Harting Down, Kingley Vale & The Old Admiralty Semaphore Line

Fresh from some fantastic hikes of epic distances in the Peak District, I was compelled to push myself even further distance-wise, and devised an ambitious 26km (that’s a shade over 16 miles in old money) perambulation on the South Downs just north of Chichester. A route that would take in woodland, wildlife, and afford me the opportunity to continue my research of the old Admiralty semaphore line (see the post on my visit earlier this year to the telegraph tower at Chatley Heath).

The starting point for my walk was the car park on the B2141. This area is managed by the NT, so parking is free for members, or, if you’re a non-member, like me, it’s only 2 quid for the whole day (you need the RingGo app thingy to pay).

The first section of my route followed the path of the South Downs Way, dodging the grazing sheep and traversing the open grassland of Harting Hill. The views across to the Hog’s Back and the North Downs are fantastic. It’s been gentle going so far, but it’s about to get real. To reach the summit of Beacon Hill you are faced with a heinous 1-in-2 ascent, however, once you arrive at the top, the views are even more breath-taking, looking south and out to sea. This is the site of a Bronze Age hillfort, and later one of the Admiralty telegraph stations, although all that remains of the latter are the footings of the old building. The trig point has a really useful direction finder on it (see below), highlighting nearby towns, villages and points of interest, one of which is the next signal station on the semaphore line, the Telegraph House at Marden. The house, now a private dwelling, is just beyond the point where I deviated off the South Downs Way, and sadly, was concealed behind high hedges and – like Chatley Heath – some unsightly scaffold.

Heading south, I skirted woodland and followed dusty tracks for about 3km. I met this Red Admiral having a sunbathe… Latin name is Vanessa atalanta, which I think I’m going to purloin for use in a future murder mystery with which to moniker a character of ill repute. These striking flutterby’s are migratory, arriving from warmer climes in May/June and then toddling back to the winter sun at the end of the summer. Only the hardiest of the population are able to survive the cold British winter. The females lay eggs on stinging nettles, which the caterpillars then love to eat. The more discerning adults tend to go for buddleia nectar. This one was chilling on a very deserted track leading to Bow Hill Farm (a caravan club site). The route here continues with quite a few inclines, so I took a leaf out of Vanessa Atalanta’s book and stopped for a brief rest and a swig of water, as I knew from the map I still had the steepest ascent of the day to come!

The hike up to Bow Hill was another tomato-face-inducing climb. The trig point was situated in an unimpressive clearing surrounded by the unmistakable odour of a walkers’ emergency toilet. Once you emerge from the woodland, however, your efforts are rewarded with a wonderful vista. This would be my lunch stop, on a bench under a tree with a view of Chichester, the harbour and beyond, the Isle of Wight.

This is Kingley Vale National Nature Reserve. A place is full of ancient history, myth and mystery. The ‘Devil’s Humps’ are Bronze Age burial mounds called ‘barrows’. Also known as the ‘King’s Graves’, they are said to be the burial site of Viking lords defeated by local men in the 9th Century. According to legend, the yew trees in the nearby Yew Tree Grove were planted to mark the graves of the Viking warriors and their ghosts haunt the Vale at night. The yew trees are over 500 years old and are some of the oldest living things in Britain. Another legend says that the ghosts are those of Druids, and that, somewhere in the forest, there is a solitary, sacrificial oak tree. Whilst another legend warns that at night, the yew trees themselves come alive. There’s much more exploration to be done here, so I’ll be making a return visit (and parking closer!).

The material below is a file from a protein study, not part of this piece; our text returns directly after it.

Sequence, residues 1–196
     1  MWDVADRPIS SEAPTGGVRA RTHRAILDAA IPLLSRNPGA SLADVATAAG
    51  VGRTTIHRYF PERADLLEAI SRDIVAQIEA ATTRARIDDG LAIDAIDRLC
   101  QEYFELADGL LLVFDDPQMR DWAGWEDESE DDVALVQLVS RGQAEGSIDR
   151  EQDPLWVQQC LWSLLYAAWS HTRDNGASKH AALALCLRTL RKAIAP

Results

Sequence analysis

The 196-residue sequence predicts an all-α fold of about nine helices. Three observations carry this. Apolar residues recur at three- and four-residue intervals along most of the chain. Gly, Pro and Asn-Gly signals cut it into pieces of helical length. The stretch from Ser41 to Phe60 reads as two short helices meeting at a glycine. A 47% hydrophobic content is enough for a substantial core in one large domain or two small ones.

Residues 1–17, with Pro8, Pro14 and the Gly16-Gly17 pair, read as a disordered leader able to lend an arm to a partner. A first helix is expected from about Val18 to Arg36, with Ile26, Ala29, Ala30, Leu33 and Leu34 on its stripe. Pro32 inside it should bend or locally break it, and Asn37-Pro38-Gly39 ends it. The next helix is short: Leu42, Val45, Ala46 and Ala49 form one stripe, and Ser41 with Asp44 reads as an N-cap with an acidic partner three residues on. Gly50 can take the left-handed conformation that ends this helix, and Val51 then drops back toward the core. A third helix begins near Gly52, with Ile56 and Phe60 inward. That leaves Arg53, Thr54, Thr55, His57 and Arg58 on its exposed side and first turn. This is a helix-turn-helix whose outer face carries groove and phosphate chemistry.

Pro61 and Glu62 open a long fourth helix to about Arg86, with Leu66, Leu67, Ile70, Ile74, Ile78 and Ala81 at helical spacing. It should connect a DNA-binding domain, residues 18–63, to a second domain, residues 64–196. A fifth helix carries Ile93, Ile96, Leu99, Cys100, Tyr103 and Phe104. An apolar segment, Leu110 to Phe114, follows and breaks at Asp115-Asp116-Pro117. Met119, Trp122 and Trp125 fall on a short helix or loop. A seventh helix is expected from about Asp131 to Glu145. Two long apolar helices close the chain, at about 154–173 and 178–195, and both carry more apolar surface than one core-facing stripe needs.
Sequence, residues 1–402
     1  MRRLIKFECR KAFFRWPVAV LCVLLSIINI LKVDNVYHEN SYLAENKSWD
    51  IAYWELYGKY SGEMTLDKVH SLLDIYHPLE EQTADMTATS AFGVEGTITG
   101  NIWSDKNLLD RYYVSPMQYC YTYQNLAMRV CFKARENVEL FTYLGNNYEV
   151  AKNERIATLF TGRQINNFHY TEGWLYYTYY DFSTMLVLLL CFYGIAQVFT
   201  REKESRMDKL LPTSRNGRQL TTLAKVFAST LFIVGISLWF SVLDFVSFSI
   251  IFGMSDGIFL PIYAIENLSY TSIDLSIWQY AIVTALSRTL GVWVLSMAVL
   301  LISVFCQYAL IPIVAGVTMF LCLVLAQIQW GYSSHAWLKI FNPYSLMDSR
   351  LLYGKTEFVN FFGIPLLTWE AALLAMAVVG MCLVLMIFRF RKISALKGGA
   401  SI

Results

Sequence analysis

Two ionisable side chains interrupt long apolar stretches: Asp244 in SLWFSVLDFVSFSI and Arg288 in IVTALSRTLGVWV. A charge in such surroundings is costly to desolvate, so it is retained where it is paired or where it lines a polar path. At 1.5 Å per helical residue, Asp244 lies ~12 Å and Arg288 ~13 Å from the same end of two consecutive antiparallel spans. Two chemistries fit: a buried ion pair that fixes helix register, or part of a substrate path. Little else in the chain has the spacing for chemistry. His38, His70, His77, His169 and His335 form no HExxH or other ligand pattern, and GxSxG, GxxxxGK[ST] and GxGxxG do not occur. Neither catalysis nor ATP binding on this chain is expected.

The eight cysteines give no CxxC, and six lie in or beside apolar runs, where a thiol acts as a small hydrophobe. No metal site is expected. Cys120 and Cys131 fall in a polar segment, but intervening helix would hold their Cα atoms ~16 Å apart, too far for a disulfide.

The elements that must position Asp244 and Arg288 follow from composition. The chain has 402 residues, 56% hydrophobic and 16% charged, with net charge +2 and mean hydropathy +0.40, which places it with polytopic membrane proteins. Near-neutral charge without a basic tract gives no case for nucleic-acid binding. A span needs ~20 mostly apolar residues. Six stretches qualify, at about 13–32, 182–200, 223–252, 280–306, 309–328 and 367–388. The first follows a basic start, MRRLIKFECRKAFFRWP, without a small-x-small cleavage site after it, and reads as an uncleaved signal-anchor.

In golfing parlance, this point marked ‘the turn’. Time to head back north in the direction of the village of Stoughton, passing a meadow that was once Admiral Lord Louis Mountbatten’s polo field, and, rather more poignant, a WW2 memorial to Polish Pilot Officer Boleslaw Własnowolski. He died on 1st November, 1940, aged just 23, when, serving for the RAF out of Tangmere, his Hurricane V7221 crashed in the adjacent field following aerial combat with a German Messerschmidt 109. “He died defending Britain, Poland and freedom”.

I felt his presence on that day. He walked with me up the lane before heading back to patrol his resting place. He told me ‘to live’.

From Stoughton, I briefly followed a section of the hiking trail, the Monarch’s Way, before deviating again, towards Compton. Compton is the site of another Telegraph House in the semaphore line, and thus, there’s another steep climb. This signal station is much more visible, and therefore, a satisfying detour! From here on in, the going is flat and at sufficient altitude to see Uppark, the 17th century manor house where, it is said, HG Wells gained inspiration to write The War of the Worlds after finding a telescope in the attic. There’s another barrow, or burial mound, known as Bevis’s or Solomon’s Thumb, and, at 60m length, is one of the longest barrows in the south east.

The route concludes by crossing the B2142 and returning to Harting Down via Kill Devil Copse and a last mini-ascent back up to the car park.

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